The Ridges sits on 800 acres of the some of the most valuable and beautiful land in Nevada. There are ten separate subdivisions, each with a guarded gate at the entrance. All residents have access to the elite Club Ridges that features tennis courts and swimming pools, as well as an ultramodern fitness center. The massive Jack Nicklaus Bear’s Champion Golf Course is housed in this exclusive community.
The homes on Tomiyasu Lane are expansive mansions where you can pay more than $15,000,000 for a home and get over 20,000 sq. ft. of lavish living space. Many of the homes offer ample acreage so that each estate feels like its own oasis in the vast desert valley of Las Vegas, far enough away from the Las Vegas strip to afford the residents a peaceful reprieve from the city.
The Residences at Mandarin Oriental, Las Vegas, are located directly on the Las Vegas strip at the MGM Resorts International City Center. Residents have the entire city right outside their doors with an endless string of shopping, dining, and entertainment options. A “night in” does not need to be a dull experience with the many luxury amenities, such as a restaurant and spa.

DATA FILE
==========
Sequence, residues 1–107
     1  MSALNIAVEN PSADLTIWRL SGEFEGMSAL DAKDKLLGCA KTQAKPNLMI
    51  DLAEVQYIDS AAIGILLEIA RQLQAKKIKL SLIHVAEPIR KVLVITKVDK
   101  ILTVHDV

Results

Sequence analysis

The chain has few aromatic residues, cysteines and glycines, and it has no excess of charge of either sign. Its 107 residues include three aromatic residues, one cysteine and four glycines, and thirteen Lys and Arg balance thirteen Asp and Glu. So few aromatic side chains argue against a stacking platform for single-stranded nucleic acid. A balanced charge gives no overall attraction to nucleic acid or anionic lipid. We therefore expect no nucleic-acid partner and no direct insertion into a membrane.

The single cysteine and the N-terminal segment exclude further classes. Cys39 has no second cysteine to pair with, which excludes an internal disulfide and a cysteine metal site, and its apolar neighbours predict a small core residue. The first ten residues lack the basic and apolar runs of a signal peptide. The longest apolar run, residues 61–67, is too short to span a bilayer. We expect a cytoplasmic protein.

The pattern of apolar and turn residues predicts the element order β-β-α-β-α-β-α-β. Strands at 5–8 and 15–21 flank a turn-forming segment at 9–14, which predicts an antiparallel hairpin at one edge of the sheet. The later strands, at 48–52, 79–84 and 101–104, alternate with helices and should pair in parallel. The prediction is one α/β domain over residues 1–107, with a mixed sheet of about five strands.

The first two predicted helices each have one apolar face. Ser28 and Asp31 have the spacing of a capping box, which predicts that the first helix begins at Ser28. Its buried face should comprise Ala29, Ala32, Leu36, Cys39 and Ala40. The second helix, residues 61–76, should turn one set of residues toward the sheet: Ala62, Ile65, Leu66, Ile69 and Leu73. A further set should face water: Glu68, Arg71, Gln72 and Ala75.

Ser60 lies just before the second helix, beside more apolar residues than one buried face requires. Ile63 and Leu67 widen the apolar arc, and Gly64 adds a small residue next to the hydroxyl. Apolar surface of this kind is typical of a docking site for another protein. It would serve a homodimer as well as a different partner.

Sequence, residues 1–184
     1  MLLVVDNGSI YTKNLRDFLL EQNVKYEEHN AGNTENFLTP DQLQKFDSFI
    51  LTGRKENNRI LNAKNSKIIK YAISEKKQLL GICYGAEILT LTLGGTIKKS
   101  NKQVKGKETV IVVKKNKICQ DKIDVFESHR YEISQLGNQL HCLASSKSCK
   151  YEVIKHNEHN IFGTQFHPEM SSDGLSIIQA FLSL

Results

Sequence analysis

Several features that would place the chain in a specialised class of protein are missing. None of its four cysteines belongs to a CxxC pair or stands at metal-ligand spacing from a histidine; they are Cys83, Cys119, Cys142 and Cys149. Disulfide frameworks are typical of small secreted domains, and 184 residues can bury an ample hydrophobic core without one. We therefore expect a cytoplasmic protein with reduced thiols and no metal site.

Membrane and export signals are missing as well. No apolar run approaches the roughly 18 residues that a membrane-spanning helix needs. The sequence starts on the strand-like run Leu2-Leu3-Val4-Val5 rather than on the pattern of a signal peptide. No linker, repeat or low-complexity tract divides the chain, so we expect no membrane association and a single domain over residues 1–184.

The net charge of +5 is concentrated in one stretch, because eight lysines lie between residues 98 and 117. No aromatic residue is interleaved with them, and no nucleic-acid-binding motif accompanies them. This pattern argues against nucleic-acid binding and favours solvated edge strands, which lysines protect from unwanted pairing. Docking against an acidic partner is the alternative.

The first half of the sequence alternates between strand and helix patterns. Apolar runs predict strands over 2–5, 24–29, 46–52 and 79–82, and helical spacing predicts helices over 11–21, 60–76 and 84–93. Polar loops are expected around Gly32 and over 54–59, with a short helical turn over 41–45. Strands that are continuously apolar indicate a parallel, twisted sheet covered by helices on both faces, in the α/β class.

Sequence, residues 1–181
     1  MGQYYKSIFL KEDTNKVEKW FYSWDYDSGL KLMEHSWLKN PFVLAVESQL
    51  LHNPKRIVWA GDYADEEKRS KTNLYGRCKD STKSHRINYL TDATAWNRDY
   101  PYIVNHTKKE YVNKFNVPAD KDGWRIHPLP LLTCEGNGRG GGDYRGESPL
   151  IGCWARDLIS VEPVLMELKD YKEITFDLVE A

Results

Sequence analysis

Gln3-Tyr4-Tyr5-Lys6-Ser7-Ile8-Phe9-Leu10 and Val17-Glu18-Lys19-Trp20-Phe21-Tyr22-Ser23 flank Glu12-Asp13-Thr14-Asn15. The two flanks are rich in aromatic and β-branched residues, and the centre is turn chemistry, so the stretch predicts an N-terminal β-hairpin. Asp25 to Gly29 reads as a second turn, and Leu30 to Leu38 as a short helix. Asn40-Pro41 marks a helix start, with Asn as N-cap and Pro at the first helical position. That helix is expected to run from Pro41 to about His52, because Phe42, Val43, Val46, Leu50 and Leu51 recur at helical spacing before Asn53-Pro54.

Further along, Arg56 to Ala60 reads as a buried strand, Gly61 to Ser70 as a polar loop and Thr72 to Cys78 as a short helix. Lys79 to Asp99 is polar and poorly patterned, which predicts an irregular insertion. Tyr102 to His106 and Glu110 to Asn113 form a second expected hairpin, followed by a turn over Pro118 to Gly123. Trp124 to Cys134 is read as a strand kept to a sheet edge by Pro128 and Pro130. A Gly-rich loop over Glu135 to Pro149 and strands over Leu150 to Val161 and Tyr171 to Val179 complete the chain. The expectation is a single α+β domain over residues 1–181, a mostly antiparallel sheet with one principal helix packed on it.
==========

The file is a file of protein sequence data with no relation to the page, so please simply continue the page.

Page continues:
The builders of the Ascaya luxury estates in southern Nevada plan to keep the beauty of the desert countryside and seamlessly incorporate their homes into the landscape. The Ascaya project has been in the works for decades. The land was bought and the mountainside shaped and carved, but then no homes were built due to the economic downturn. Now, as the Las Vegas economy is bouncing back, the estate plans are again being prepared for construction.
The high-rise living units at One Queensridge Place are perfectly situated between fine dining and shopping options at Tivoli Village, prestigious golf courses, and the beautiful Red Rock Canyon National Park. Amenities include a breathtaking spa and fitness center, a private wine cellar, and multiple common living spaces.
Las Vegas has always been known for making luxury more accessible than any other city in the world. Whether it’s renowned entertainment, celebrity chefs, PGA-rated golf courses or five star accommodations, luxury has greatly influenced this city. Additionally, Las Vegas’ lower cost of living ensures that one’s money will go further here than other major cities around the world.